“Help Wanted” (Books, Chapters, Articles Dealing with God and Physics)
Several times here I have strongly indicated and endorsed my belief that the God of the Bible, Yahweh, the God of Jesus Christ, the only God, condescends to enter time with us. In brief: God is temporal. I base that on the biblical narrative which never, so far as I can see, indicates otherwise. There is no hint, that I can recognize, in Scripture of an “eternal now” in which for God all our times are simultaneously before his eyes. I’m not going to go over all that again here now. I have explained and defended my view of God’s temporality several times on this blog and you can use a search engine to find those posts using my name and key words. Or you can simply read the writings I have recommended: Nelson Pike, God and Timelessness (sans the process perspective), Nicholas Wolterstorff, “God Everlasting” (found in the book God and the Good and in a recent collection of Wolterstorff’s writings). I. A. Dorner, “Dogmatic Discussion of the Doctrine of the Immutability of God” (in God and Incarnation in Mid-Nineteenth Century German Theology and other places). Robert Jenson, God after God. Dallas Willard, The Divine Conspiracy. And, of course, Oscar Cullman, God and Time.
Recently I have been asked by several interlocutors how the temporal view of God is consistent with relativity theory in physics which, so it is said, makes time and space inseparable, the problem being that if God is temporal, then God cannot be omnipresent. (I have affirmed God’s omnipotence and omnipresence while being open to defining them differently than traditional philosophical theism has tended to define them.) Some have told me that, according to relativity theory, the future already exists on some plane or in some dimension—accessible, present, to an omnipresent being.
I don’t pretend to understand contemporary physics—relativity theory and quantum mechanics, etc. I’ve read in and about them but they seem so obscure, abstract and theoretical that (so it seems to me) one has to be a specialist, a trained theoretician, really to understand them. So, when I met and talked with theologian-physicist John Polkinghorne some years ago I asked him about this matter. He gently brushed it aside as not a serious problem for belief in a temporal God.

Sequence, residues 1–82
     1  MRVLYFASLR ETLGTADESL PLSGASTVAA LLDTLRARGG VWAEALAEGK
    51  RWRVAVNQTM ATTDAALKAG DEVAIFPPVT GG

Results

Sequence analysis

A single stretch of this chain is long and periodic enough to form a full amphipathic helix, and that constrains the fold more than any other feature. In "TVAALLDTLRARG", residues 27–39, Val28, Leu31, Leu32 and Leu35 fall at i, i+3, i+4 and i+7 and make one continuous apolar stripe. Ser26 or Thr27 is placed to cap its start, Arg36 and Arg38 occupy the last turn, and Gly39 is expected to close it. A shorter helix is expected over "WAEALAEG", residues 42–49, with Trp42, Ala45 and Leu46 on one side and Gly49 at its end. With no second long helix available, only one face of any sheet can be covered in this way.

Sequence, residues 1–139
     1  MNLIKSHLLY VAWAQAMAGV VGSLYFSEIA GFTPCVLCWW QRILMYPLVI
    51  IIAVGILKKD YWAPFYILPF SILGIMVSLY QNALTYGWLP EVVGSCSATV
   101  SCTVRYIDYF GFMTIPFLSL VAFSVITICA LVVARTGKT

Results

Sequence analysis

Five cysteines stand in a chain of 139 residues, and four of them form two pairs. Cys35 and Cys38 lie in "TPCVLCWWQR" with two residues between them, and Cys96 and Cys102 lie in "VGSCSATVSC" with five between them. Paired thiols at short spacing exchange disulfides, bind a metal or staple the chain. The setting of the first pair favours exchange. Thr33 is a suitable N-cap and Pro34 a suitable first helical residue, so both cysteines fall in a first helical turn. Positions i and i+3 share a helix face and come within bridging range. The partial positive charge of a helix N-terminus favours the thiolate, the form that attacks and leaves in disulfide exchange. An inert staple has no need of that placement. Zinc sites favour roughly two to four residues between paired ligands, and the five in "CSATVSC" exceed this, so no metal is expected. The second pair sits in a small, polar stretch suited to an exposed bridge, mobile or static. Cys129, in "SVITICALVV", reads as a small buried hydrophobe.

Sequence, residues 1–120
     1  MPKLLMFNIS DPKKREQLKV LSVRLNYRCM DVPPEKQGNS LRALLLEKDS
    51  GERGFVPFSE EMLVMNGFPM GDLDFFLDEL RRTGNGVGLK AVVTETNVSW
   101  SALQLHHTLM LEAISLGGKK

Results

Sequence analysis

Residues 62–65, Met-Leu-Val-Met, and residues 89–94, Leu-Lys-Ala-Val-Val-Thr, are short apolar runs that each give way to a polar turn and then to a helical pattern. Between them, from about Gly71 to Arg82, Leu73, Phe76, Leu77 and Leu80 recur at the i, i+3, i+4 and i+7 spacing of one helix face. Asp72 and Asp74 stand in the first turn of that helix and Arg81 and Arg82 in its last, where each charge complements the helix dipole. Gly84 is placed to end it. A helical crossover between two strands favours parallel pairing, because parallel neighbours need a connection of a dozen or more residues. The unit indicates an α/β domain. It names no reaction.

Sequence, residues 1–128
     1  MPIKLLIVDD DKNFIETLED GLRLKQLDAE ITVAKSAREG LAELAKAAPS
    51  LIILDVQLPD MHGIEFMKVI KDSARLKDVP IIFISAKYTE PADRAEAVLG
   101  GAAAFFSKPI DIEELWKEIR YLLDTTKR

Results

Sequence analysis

Whenever I read modern theoretical physics or listen to physicists talk I feel like Marty McFly in the movie “Back to the Future” when “Doc” Brown says to him (paraphrasing) “Your problem is that you don’t think fourth dimensionally!” McFly responds (again paraphrasing) “Yeah, I do have that trouble.” (Please don’t clutter up my comment box with exact wordings! It’s not that important.)
So I admit that this is an area where I am no expert and need and seek guidance. But I am not asking for you to post lengthy, complicated essays here. I’m specifically asking ONLY for recommendations of books, chapters, articles that specifically deal with the problem of God, time, and relativity theory. Is anyone aware of a specific book, chapter or article that addresses this theologically, metaphysically, physically (in terms of modern/contemporary physics especially relativity theory)?
Some of the questions I am seeking answers to are these: 1) Is it “settled fact” in modern/contemporary physics that am omnipresent being would also have to be simultaneous with all times past, present and future? 2) If so, does that mean the future is already in some way “real” (even if only to an omnipresent being if one existed)? 3) If so, how can determinism be avoided? Wouldn’t that mean the future cannot be altered by anything or anyone?